Even with its timeless coupe styling the Alfa Romeo Brera is not invulnerable to ageing, so the Italian manufacturer has updated the range with new engines including a smaller, more efficient diesel option.
One of the most elegant, stylish and universally appealing pieces of car design presently available form any manufacturer, Alfa Romeo's Brera remains a welcome sight on the UK's roads. Although famed for its advanced, high performance petrol engines, the Alfa Romeo range including the Brera is no stranger to diesel power. The coupe and its convertible equivalent the Spider have been available with a 2.4-litre diesel unit for some time.
Alongside a new 1750cc turbocharged petrol unit, Alfa Romeo has introduced a new 2.0-litre turbocharged diesel to the range, offering reduced CO2 emissions and improved fuel consumption without unduly sacrificing performance. The 2.0 JTDm uses direct injection and turbocharging technology to produce 170bhp and deliver 265lb/ft of torque between 1750 and 2500rpm, meaning the Brera reaches 62mph in 8.8 seconds and a top speed of 135mph.
Despite the changes under the bonnet, the Brera retains its glamorous styling, accentuated by an attractive range of paint choices and large diameter alloy wheel options. The two-plus-two configuration inside offers a driver focus, with the dials and gauges angled towards the driver's seat and a racy, cockpit feel to the cabin.
Standard specification remains generous, too, with a host of electronic aids and equipment present of the base model. An extensive list of options allows Brera customers to personalise the model with some high-end equipment, while a new trim level, Brera Italia Independent, features styling upgrades for additional exclusivity.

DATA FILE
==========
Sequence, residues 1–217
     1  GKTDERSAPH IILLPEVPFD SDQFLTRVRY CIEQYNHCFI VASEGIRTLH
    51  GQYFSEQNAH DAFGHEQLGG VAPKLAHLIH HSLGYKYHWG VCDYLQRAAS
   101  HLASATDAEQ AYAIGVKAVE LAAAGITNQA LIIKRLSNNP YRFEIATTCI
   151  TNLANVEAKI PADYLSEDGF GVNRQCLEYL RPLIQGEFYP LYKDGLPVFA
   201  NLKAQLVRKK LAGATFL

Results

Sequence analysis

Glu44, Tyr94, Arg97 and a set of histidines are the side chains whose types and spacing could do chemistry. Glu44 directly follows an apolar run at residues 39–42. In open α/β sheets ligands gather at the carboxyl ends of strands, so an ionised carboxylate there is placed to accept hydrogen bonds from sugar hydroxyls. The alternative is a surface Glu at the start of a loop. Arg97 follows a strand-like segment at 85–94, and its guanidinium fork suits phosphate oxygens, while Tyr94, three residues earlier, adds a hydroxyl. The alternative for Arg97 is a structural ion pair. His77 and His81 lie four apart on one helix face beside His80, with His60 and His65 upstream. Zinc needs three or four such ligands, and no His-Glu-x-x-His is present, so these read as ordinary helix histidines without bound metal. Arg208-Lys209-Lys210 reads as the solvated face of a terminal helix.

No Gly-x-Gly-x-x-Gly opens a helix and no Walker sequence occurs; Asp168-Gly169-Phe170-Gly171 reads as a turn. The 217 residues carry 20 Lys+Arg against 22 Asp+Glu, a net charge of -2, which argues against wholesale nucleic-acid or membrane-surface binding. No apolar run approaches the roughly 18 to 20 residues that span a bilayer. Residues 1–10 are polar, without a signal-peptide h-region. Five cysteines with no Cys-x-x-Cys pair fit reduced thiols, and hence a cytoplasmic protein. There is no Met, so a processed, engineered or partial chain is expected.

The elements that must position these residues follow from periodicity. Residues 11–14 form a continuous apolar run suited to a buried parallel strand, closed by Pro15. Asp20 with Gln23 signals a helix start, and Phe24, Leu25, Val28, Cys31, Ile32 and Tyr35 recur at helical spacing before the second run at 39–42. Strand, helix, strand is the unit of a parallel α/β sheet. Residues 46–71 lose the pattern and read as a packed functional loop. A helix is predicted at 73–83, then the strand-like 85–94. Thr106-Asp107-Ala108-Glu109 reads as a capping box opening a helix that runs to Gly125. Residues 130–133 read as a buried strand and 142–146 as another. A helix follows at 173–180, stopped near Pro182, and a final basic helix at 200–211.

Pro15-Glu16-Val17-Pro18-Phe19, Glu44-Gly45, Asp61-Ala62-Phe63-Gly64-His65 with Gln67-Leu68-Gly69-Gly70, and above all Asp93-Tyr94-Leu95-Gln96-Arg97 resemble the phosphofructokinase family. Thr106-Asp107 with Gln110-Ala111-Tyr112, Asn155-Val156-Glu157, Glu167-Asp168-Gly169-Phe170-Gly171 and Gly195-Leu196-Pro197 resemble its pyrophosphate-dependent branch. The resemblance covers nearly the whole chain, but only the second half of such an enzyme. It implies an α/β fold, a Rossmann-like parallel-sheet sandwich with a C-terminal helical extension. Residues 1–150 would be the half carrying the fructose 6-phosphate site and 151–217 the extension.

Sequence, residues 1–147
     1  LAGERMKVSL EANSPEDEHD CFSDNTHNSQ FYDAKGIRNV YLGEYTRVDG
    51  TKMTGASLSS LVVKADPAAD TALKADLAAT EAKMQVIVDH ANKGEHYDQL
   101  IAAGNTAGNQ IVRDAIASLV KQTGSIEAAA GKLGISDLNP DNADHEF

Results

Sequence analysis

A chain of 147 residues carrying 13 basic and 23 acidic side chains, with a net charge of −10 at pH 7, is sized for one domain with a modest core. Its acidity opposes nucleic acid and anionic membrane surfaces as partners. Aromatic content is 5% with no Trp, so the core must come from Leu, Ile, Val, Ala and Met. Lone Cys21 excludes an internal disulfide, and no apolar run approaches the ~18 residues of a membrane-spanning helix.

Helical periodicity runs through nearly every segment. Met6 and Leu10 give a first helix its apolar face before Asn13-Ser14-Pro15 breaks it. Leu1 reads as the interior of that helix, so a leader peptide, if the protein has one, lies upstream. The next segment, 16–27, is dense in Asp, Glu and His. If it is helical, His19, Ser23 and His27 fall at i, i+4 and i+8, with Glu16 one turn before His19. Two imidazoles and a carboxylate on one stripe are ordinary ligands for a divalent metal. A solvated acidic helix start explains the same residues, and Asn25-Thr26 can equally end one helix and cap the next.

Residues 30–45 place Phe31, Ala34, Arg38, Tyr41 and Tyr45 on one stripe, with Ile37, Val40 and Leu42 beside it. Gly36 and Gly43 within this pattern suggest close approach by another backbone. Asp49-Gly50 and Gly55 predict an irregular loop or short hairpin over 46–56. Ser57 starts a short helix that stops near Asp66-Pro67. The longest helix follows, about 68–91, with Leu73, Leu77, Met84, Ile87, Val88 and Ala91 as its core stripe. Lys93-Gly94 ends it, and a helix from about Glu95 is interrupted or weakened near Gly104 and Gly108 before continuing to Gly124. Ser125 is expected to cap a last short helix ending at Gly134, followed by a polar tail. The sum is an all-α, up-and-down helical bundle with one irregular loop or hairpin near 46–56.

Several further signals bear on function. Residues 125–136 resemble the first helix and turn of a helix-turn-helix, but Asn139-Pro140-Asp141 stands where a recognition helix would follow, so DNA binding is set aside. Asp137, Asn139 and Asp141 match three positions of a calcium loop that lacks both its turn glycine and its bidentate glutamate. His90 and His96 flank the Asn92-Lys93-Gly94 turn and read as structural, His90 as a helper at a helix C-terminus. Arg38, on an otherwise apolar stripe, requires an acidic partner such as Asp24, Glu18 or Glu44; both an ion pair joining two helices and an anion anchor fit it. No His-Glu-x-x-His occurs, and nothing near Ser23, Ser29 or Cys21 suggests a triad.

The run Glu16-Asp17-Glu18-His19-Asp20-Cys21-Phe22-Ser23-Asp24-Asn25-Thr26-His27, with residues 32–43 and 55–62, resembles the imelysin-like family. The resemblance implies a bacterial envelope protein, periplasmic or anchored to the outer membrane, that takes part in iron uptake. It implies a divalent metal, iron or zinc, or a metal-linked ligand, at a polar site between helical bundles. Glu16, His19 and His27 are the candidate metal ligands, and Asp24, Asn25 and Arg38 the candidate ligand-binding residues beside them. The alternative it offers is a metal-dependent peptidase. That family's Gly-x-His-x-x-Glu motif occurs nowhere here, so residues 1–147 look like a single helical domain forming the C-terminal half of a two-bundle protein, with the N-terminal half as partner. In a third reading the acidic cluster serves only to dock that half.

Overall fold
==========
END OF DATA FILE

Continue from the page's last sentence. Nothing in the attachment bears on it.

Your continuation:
As the Brera has traditionally traded as much on its great looks as on the driving experience, it loses less of its appeal that might be imagined when equipped with a smaller capacity diesel engine. Performance remains adequate but running costs are improved, meanwhile the exterior appeal remains high. Build quality is not as consistent as some premium rivals, but the package remains alluring.
The initial purchase price for the Brera makes it a considerable outlay, but the standard equipment levels improve the value for money. Regardless, it's easy to rack up the price with the many options available. Naturally, the diesel engine reduces running costs over the period of ownership.
In space terms the Brera's cabin is modest in size but makes the most of it proportions. The lack room of legroom in the rear means the seats are likely to serve as additional storage space and, although shallow, the Brera's boot is more generous than some rivals. Rear seats do fold flat for increased practicality. The cabin is reasonably wide so there's little need to rub elbows in the front and glovebox, door pocket and cubby hole storage is adequate.
Clear main dials and a centre console boasting large, intuitive controls are a good start. Supplementary controls on the steering wheel are a welcome bonus. The centre console location of the fuel, temperature and turbo boost pressure gauges is a neat, traditional and sporty touch. A precise throw on the gear lever is pleasant and the column switchgear boasts a unique but ultimately user friendly layout. The quality of the stalks themselves s not the best, however, with a somewhat flimsy feel. Although there's an engine start and stop button, the key still needs to be inserted into the dash.
Front seat occupants fare reasonably well in the Brera, the seats are comfortable and supportive. Headroom is not great though, thanks to a low roofline. Road noise is well suppressed and the ride is reasonably supple, although the diesel unit is rougher than the smooth petrol options. The rear seats are very cramped however, and only really suitable for small children. Twin-zone climate control is standard equipment.